It was actually awesome. I mean, it was great cause I worked in about 400 programs a year, so I was always slammed, working with a lot of third party companies, editors, editing houses, going on sets sometimes. It was a great experience. I think that job particularly taught me a lot about structure, process, and really organized process in chaos. Really understanding that really does help and it allows to create accountability and also just helps each of the category or brand managers to really understand what that looks like. I did have a really good time there.

Martin Zerrudo (05:50):

What was it that they were doing structurally that really impressed you?


Rachel Lambo (05:53):

I think they had like calendars, a lot of calendars, Excel sheets. It'll tell you exactly what day the campaign is running from what day to what day. So I would create work back schedules and then I would let the brand managers know “hey,these are the work back schedules for that” And then also adjust the work back schedule cause things happen all the time in that space. So that was one of the things that I felt like I learned a lot and just like running bigger campaigns and what that looks like and how many people are involved in that. That was really nice to do that on a bigger scale cause I had worked for a lot of medium size companies, having worked for them was great cause  I could apply the skill sets that I had picked up already from working at small companies. And just kind of times X that.

Martin Zerrudo (06:37):

And lastly, Kelloggs, what was that like? I love all of their cereal, maybe to a fault.

Rachel Lambo (06:45):

Oh, that's so funny.

Martin Zerrudo (06:47):

Kelloggs, what was that like?

Rachel Lambo (06:49):

That was cool. I mean I worked through them as an ad agency. We did this whole thing called popnetic. It was like a QR code thing again where people can play a game on it with their screen and it was really cool. I created patterns for the art direction, the campaigns for that. So that was fun to work on. Those were the things that I worked at the agency with. I don't, do you remember the Bell and Rogers war?

Martin Zerrudo (07:16):

Yes, I do.


Rachel Lambo (07:17):

I worked on those, built the campaigns for that too.


Martin Zerrudo (07:20):

Really?

Rachel Lambo (07:21):

Yeah. Like all the leaderboards and the big boxes.


Martin Zerrudo (07:25):

I was like, oh you convinced me cause I switched from Bell to Rogers like eight times in the last, 10 years.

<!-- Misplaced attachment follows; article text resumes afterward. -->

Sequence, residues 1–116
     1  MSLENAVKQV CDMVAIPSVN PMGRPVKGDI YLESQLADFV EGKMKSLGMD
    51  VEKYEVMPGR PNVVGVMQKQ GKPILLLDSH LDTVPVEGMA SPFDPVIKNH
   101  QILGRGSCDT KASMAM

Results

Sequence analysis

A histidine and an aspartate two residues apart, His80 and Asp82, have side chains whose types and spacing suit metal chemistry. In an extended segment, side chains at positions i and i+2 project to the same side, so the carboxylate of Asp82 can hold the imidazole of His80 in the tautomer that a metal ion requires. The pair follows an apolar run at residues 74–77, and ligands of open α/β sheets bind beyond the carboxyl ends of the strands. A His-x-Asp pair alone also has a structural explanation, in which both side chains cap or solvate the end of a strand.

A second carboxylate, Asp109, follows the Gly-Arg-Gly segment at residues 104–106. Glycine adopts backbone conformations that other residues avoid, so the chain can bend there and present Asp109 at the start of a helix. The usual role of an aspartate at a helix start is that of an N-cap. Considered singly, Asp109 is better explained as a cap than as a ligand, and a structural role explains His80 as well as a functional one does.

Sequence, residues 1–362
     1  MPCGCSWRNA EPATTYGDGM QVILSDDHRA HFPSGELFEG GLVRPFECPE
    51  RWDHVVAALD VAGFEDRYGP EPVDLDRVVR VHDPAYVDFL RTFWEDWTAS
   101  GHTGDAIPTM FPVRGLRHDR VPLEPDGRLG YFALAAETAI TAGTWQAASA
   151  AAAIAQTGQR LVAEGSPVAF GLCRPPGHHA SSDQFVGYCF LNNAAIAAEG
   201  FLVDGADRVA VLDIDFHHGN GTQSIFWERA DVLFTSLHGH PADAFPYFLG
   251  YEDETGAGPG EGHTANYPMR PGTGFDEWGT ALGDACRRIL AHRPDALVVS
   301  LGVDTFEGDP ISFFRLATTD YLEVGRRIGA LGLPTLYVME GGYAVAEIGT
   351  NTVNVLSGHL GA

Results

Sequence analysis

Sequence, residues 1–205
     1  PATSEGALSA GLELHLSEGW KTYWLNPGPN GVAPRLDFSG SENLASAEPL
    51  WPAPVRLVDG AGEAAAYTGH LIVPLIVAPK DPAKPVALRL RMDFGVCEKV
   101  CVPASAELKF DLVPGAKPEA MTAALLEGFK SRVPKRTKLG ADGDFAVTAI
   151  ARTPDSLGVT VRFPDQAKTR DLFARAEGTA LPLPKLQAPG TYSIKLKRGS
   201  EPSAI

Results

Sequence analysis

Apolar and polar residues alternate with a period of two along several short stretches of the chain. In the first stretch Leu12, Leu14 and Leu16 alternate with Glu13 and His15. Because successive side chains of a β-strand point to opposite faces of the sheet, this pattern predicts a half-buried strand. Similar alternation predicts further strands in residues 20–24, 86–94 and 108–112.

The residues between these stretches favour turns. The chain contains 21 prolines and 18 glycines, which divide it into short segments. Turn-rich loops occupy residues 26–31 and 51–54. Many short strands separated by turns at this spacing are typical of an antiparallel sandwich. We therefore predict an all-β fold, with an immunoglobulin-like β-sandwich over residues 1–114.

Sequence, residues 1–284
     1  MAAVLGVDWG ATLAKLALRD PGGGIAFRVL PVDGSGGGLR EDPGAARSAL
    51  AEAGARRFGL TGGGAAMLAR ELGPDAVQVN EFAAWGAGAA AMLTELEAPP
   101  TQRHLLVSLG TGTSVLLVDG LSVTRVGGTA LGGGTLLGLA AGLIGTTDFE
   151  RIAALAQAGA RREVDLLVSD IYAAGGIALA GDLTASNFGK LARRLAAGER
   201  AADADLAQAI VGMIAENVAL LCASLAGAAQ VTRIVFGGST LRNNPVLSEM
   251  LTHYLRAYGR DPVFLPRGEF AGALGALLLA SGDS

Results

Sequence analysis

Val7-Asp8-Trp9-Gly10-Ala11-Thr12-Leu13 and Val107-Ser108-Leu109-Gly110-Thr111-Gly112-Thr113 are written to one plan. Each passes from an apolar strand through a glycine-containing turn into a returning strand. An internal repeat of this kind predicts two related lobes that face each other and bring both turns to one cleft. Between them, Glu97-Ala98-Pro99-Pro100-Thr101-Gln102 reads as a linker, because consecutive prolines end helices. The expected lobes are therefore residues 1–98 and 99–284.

Rachel Lambo (07:30):

I was just doing the work

Martin Zerrudo (07:33):

You got me to switch multiple times back and forth like one month on Bell, one month I'm Rogers. But Hey, you were very successful in that regard. Since you brought it up, was that something that was like, “hey, we wanna fan the flames. We really wanna incentivize people to make the switch because it's like us versus them”


Rachel Lambo (07:51):

I don't even know what happened from a management level. I just know that I got the information too, here's a look at the copy, let's make the changes. And the changes were just pumping out every day.  We'd come back to the office and people were like, yeah, we're doing this now. I don't know about you guys, the prices are the same, the service is the same. I don't know why you guys wanna move back and forth. For me it was just like a consumer and I’m like, there’s no difference.


Martin Zerrudo (08:15):

It’s confusing.

Rachel Lambo (08:16):

I’m Confused. Right. I wanna have this beef, can you guys do this in the boardroom, not spend advertising dollars on this? I mean it was entertaining.

Martin Zerrudo (08:25):

Yes. It's like Apple versus PC.

Rachel Lambo (08:27):

It doesn't happen in the Canadian marketplace. I'm sure that stuff like that, you can see happening in the US, like Wendy's and McDonald's their beef. But you don't really see that in the marketplace in Toronto and or in Canada generally, cause we're very conservative. So it was fun for me.

Martin Zerrudo (08:43):

We’re mild mannered

Rachel Lambo (08:44):

Yeah, Mild mannered. Exactly. But I think it was great to see that and I'm just like, okay sure.

Martin Zerrudo (08:50):